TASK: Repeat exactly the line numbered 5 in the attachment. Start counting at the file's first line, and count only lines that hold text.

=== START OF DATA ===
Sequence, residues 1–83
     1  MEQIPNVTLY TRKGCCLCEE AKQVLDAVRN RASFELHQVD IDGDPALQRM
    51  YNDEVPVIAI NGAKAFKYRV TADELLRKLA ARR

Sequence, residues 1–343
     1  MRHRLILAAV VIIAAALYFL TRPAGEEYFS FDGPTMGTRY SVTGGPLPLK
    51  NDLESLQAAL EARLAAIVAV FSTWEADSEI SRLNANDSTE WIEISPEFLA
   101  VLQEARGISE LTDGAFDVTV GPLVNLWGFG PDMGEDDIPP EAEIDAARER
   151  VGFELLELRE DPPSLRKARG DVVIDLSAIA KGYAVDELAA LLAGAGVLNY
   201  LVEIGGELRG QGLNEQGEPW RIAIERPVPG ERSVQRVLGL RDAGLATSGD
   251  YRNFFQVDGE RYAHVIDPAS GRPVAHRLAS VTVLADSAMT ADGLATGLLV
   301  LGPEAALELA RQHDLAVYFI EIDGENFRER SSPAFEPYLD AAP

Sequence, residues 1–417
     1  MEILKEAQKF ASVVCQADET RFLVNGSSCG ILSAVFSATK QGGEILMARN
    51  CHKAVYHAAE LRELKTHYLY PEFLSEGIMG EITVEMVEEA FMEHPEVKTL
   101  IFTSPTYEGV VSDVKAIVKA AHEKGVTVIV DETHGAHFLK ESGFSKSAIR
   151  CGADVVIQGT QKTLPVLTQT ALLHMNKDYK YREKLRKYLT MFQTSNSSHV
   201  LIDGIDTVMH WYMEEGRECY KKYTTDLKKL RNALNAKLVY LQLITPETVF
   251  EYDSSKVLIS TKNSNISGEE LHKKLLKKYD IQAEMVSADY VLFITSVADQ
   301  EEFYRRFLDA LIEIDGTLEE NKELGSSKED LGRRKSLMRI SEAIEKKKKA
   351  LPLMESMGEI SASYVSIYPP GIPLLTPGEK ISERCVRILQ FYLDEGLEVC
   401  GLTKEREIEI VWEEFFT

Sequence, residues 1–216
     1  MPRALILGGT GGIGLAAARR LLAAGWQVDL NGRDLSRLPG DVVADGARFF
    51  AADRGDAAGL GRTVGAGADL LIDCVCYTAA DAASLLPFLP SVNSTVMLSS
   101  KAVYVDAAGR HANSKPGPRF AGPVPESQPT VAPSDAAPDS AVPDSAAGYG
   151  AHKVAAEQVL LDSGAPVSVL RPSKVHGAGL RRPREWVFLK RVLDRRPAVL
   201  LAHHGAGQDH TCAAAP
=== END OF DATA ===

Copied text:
     1  MRHRLILAAV VIIAAALYFL TRPAGEEYFS FDGPTMGTRY SVTGGPLPLK